, two considerations ir connected
with the President in the appointment | tleman from Virginia, and they were these : que of the officers noticed in this bill; but yet I do not arising from the consequences naturally attending presume it follows, as a matter of course, that such a combination of the departments of Goreme they should be connected in apportioning the ment; and the other, the responsibility which w salaries, or drawing for the money. If it is not ought'never
to lose sight of when we are provid enjoined by the Constitution, it will be wrong to ing for the distribution of the public money, ish the responsibility of the Executive
officer; it has told
us that we give an unbounded influence
[H. of R.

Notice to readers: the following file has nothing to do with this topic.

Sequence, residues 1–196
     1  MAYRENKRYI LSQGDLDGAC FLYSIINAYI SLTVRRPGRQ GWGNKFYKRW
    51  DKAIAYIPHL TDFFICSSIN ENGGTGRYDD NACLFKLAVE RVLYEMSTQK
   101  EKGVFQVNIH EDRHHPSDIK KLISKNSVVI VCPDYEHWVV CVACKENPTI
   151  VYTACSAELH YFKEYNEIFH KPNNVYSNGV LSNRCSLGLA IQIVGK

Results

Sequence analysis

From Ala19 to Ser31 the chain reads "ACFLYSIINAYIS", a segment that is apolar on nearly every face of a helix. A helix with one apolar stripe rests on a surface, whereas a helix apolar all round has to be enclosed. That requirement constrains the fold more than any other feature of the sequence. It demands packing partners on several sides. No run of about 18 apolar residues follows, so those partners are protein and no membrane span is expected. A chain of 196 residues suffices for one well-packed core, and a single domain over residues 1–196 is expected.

to the Executive officer, because we enable him or the President and Senate. If they could apto apportion the money among them. That gen- portion themselves, they might authorize another tleman, perhaps, did not attend to the bill, which body to do it; for he presumed, that neither the provides expressly for the several grades of officers President, nor the President and Senate could conwhich the Constitution supposed, in the ordinary tend for this power as a matter of right; the quesevents, would be employed in superintending the tion then seemed to him to turn altogether upon interests of the United States at foreign Courts. the expediency, which was conceded to be in favor If he had observed this, he would not suppose that of the manner prescribed in the bill. the discretion of the President gave him an im- He remarked that the discretion of the Presiproper in fluence. These officers cannot be ap-dent was confined within precise limits; he could pointed to any situation, nor to any rank, but with not grant a larger salary to the officers than that the advice and consent of the Senate; no particu- prescribed in the bill; all that he could do was, iar character can be selected by the President; therefore, to give less where he thought less would therefore, I presume, the Senate have all the be sufficient, of which he conceived the President agency he wishes them to possess.